Thursday, November 26, 2009

phthalates and ADHD

The outstanding debate on whether the benefits of soft plastics outweigh their potential harms continues. 

The group of esters called phthalates are used in an array of products ranging from pill capsules to children's toys to shower curtains.  A research group in Korea has found a strong positive correlation between ADHD behavioral characteristics and phthalate metabolites in the urine of Korean school children.  This is a particularly important study for two reasons: 1) a correlation between ADHD and phthalate exposure during critical periods of development has never been shown, and 2) the metabolite levels found in these children indicates the amount of exposure that can now be replicated in animal models.
"Previous animal studies (6,15,16) have shown that phthalate related metabolites induce hyperactivity in rats. These studies reported that pups treated with phthalate demonstrated 1.4 times the level of hyperactivity at night compared with control subjects. Such hyperactivity was dose-dependent, which is consistent with the results of our study."
"It is possible that the toxicity of phthalates is attributable to degeneration of dopaminergic neurons, leading to the hyperkinetics observed in rats in cases of 6-hydroxydopamine (OHDA) procedures (27). Well-known animal models of ADHD like the OHDA rat model suggest that the dopamine neuronal damage can provoke hyperactivity and impulsivity. Many structural magnetic resonance imaging studies showed striatal volume loss suggesting the dopamine neuronal loss in ADHD patients (28)."
"With DNA macroarray data, researchers have found that phthalate metabolites change
the expression patterns of various genes, including both the dopamine receptor D4 (DRD4) and the dopamine transporter in the midbrain (6). The dopamine receptor D4 and dopamine transporter gene expression modulation can induce changes in extracellular dopamine and neuronal dopamine sensitivity, resulting in hyperactivity and impulsivity in rats."

Here is something particularly interesting: if excessive exposure to phthalates is linked causally to ADHD phenotypes -- which has yet to be explored -- perhaps the time-release medications used to treat ADHD such as Wellbutrin and Ritalin should cease to use phthalates in the enteric coating of their medications.  It seems odd that they are so widely used in films of pharmaceutical capsules if for no other reason than their heavy reputation as endocrine disruptors.  Capsules can contain in the range of 3600 ug phthalates, while most studies estimate that the "safe" exposure range is near 20 ug per kilogram body weight.  That means the "safe" range for most young children is about 750 ug.  Note that phthalates do not bioaccumulate, so exposure levels are dailies.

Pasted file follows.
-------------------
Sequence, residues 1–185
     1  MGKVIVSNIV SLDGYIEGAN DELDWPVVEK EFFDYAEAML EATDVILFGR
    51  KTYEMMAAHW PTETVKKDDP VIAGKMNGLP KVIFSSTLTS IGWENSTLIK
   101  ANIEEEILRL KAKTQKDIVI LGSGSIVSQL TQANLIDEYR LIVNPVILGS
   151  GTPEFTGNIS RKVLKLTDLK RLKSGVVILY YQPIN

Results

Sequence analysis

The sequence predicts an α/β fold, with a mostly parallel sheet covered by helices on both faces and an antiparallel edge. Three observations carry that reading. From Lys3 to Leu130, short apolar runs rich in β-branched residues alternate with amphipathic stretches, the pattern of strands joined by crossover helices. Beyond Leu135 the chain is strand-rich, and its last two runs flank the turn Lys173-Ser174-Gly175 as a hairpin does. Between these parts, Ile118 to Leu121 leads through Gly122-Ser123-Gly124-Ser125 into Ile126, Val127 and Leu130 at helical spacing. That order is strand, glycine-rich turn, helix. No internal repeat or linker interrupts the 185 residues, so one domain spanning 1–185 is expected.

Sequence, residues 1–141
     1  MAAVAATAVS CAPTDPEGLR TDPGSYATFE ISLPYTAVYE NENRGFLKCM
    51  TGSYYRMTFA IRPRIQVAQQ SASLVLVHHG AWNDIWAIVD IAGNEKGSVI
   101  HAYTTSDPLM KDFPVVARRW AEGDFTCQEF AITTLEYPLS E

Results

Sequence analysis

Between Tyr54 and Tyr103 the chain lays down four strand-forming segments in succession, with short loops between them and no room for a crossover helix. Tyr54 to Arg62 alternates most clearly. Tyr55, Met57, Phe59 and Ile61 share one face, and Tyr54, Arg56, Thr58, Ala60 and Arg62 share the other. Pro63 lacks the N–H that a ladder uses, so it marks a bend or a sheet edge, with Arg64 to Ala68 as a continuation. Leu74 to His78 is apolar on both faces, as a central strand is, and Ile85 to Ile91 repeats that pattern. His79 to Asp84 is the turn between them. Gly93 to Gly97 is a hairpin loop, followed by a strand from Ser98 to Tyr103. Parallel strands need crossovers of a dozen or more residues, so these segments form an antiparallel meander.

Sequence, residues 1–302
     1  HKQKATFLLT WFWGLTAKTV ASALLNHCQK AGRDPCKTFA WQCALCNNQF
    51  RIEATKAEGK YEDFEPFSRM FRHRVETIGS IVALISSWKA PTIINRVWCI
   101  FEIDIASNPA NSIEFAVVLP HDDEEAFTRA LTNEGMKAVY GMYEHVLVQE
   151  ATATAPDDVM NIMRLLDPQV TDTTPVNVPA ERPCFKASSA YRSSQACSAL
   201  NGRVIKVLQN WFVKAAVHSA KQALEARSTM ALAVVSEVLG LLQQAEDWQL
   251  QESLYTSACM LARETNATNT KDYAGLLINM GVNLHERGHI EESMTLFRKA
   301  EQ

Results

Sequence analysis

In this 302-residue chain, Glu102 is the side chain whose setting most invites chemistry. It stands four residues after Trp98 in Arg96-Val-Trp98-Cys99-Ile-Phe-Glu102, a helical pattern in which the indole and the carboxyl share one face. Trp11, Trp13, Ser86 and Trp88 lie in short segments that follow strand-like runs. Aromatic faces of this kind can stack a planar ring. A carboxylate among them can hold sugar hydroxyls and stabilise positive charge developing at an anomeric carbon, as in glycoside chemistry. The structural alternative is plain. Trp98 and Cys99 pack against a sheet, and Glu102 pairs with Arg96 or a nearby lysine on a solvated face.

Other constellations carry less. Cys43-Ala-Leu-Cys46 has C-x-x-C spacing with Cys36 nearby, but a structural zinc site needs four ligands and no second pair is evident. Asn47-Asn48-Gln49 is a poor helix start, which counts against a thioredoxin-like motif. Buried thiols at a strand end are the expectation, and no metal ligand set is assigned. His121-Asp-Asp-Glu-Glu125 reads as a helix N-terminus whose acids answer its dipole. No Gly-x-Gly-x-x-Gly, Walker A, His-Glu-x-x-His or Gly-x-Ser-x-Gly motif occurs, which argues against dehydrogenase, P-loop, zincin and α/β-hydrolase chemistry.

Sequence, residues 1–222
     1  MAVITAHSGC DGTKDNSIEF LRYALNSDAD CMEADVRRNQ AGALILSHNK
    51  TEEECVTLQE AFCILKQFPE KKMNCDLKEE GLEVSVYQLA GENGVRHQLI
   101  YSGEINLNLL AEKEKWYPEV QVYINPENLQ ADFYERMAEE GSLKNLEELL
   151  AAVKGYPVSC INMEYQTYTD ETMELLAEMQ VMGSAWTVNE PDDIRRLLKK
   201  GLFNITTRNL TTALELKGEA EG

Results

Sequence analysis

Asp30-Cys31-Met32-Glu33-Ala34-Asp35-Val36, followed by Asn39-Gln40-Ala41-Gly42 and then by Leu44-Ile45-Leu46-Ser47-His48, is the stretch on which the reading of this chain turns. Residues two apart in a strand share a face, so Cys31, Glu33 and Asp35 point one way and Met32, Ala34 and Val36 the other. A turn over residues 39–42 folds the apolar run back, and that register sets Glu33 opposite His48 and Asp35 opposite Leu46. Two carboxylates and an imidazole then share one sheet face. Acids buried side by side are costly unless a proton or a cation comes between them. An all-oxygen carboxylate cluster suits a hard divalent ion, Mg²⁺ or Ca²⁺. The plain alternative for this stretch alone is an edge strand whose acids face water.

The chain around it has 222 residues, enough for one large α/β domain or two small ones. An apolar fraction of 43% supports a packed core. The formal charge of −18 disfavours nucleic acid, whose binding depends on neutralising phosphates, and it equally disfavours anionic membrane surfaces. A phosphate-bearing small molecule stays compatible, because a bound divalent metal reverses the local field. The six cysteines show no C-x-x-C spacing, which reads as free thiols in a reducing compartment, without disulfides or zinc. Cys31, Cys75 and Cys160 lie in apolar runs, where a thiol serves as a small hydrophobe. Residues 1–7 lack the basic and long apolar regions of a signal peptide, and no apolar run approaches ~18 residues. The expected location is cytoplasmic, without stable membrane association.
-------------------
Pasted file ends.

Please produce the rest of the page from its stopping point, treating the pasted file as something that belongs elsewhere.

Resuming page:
"The bupropion (Wellbutrin® SR)  release rate has been improved by the introduction of two types of film coated active pellets that release the drug at different pH resulting in novel dissolution profiles. Inert spheres are initially coated with bupropion and hydroxypropyl methylcellulose. The active pellets containing bupropion comprise 70-75 weight % of the dosage form. An enteric coating, applied to about one third of the active drug pellets, is comprised of a film insoluble at low pH, such as hydroxypropyl methylcellulose phthalate. The second coating applied to the other two thirds of active drug pellets is comprised of a combination of a hydrophobic coating agent and methyl acrylic acid copolymer. The two pellet types are then combined in a capsule."
"The novel dosage forms are used to administer methylphenidate (Ritalin) in a pulsatile release manner... Suitable membrane coating materials for effecting delayed release include, but are not limited to: cellulosic polymers such as hydroxypropyl cellulose, hydroxyethyl cellulose, hydroxypropyl methyl cellulose, methyl cellulose, ethyl cellulose, cellulose acetate, cellulose acetate phthalate, cellulose acetate trimellitate, hydroxypropylmethyl cellulose phthalate, cellulose ester-ether phthalate, hydroxypropylcellulose phthalate, alkali salts of cellulose acetate phthalate, alkaline earth salts of cellulose acetate phthalate, hydroxypropylmethyl cellulose hexahydrophthalate, cellulose acetate hexahydrophthalate..."

Monday, November 16, 2009

Journal Club: on the selective degeneration of dopamine neurons in Parkinson's disease

The therapeutic application of potassium gated ATP channels (K-ATP) in Parkinson's disease arises from their ubiquitous expression in the basal ganglia.  Regulation of these channels evokes cell hyperpolarization in order to prevent cell excitability.  In the mitrochondria, they play a role in translating the metabolic state of the neuron.  This week's journal club discussed an article suggesting that K-ATP channels are necessary for the selective vulnerability of dopamine neurons in the substantia nigra pars compacta (SNpc) relative to the ventral tegmental area (VTA).   Liss et al demonstrate this theory using mitrochondrial complex I inhibitors rotenone and MPP+, both neurotoxins commonly used in developing Parkinson's disease models in rodents.